This garlic butter, cast-iron roast chicken is cooked on high until golden with tender juices inside. Perfect when you want a simple fuss-free dinner. Serve it with mashed potatoes or roast potatoes along with sauteed veggies.
2Onionslarge, one cut in half and the other sliced
Dry - Clean and pat dry the chicken on all sides with paper towels. And, remove excess fat or leftover feathers.Tip - A dry skin will give a crispy skin. So, when possible leave the chicken uncovered in the fridge overnight.
Garlic butter marinade - In the same bowl, combine all marinade ingredients. Fill half the marinade under the skin over the breast (see video). Spread the remaining over the chicken.Tip - Adding butter under the skin will keep the breast moist and tender.
Then, rub pour the oil over and rub with the oil. Tip - The oil will prevent the butter from burning too much.
Cavity - Fill the cavity with halves of onions, garlic, and lemon. Then, truss the chicken, aka tie the chicken legs and tuck the wings under.
In a cast-iron skillet place slices of onion, lemon, half a garlic bulb, rosemary, and thyme. Season with salt and pepper.Tip - We add veggies in the skillet to elevate the chicken this encourages the circulation of air all around the chicken, so it will roast not stew in its juices.
Place the chicken on the veggies in the skillet, breast side up. Roast the chicken for 15 minutes at 210 °C / 425 °F – then reduce temperature to 180 °C / 390 °F.
As a guide, you bake the first 15 minutes at 210 °C/ 425 °F, then calculate 20 minutes for every 1 lb or 500 grams chicken at 180 C/ 360 F. Of course, the best guide is until juices run clear or the internal temperature reaches 165 F / 75 C. Tip - The foolproof method would be to use a meat thermometer. The temperature should reach 165 F or 75 °C in the thickest part of the thigh or 145 °F in the breast.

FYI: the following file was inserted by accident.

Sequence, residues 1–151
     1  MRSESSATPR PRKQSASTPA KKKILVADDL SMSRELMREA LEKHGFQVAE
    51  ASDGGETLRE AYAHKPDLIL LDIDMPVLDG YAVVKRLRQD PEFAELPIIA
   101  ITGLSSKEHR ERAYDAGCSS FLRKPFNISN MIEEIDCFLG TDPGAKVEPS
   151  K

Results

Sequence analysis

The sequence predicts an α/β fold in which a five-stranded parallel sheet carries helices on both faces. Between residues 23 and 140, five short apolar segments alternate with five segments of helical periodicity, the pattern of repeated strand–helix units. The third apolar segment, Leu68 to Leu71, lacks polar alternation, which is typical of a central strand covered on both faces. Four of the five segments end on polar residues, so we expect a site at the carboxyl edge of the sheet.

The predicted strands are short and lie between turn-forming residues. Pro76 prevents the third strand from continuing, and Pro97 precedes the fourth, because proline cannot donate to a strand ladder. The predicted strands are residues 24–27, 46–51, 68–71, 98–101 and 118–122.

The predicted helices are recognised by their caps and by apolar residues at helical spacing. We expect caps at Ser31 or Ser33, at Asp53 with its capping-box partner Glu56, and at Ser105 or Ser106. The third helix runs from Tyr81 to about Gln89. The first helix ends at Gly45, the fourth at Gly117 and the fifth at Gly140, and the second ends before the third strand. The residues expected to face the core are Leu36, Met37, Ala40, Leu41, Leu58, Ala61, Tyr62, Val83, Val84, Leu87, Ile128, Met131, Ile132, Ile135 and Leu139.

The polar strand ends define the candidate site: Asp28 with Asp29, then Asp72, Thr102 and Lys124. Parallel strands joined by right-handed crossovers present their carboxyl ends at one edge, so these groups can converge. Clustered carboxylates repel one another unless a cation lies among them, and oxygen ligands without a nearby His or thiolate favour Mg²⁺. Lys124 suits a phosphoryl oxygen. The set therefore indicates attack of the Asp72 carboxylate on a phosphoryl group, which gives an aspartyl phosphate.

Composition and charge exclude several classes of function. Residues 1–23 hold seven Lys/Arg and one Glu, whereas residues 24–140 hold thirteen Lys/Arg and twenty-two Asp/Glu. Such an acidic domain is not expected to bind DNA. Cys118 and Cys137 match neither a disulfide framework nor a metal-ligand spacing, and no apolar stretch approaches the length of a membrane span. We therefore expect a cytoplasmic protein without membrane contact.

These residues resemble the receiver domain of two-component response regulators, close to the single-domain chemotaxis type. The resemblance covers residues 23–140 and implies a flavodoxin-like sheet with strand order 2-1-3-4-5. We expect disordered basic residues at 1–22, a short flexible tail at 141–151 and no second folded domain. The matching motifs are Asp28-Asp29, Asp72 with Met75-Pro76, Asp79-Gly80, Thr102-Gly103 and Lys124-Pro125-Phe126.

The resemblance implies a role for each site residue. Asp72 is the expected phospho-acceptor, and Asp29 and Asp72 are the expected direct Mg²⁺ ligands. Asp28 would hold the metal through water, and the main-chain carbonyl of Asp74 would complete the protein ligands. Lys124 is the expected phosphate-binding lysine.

Next, remove the chicken from the oven and tent it with a foil – let cool for at least 15 to 20 minutes before you carve. Use any pan dripping to make gravy.
Carve and serve with pan juices.
Weigh the chicken so you can calculate the baking time.
Pat dry the chicken before you marinate. Time permitting, leave the chicken uncovered in the fridge for 8 hours. The fridge does a great job of drying the skin.
Thaw the chicken well before cooking. Chilled chicken results in uneven roasting.
Leave the skin on when roasting the whole chicken even if you are not going to eat the skin. The skin prevents the meat from drying out and overcooking. Remove excess fat as much as you can.
Loosen the skin of the chicken on the breast this will allow you to add as much seasoning as possible. Use butter, spices or herbs on the breast as this prevents the breast from drying out.
Always season the chicken generously, perhaps a little more than you think it needs. And don't forget to season the cavity.
If you can, tie/truss the chicken or at least tie the legs and tuck the wings under this makes for a better presentation.
Use a cast-iron skillet, Dutch oven, or roasting pan to make roast chicken. All work. The trick is to prop the chicken on a few cut veggies like onions and root veggies. This helps air circulate all around the chicken.
When baked, always tent the chicken and let it rest for at least 15 minutes. This lets all the juices settle in the meat. If you cut too soon the juices will flow out and the chicken will be dry.
Invest in a meat thermometer, these are very inexpensive these days. A meat thermometer takes the guesswork out of any roast and is the best way to know if the chicken is cooked perfectly. Also, you don't need to open the oven too oven to check for doneness.
The nutrition information and metric conversion are calculated automatically. I cannot guarantee its accuracy. If this data is important to you please verify with your trusted nutrition calculator. Thank you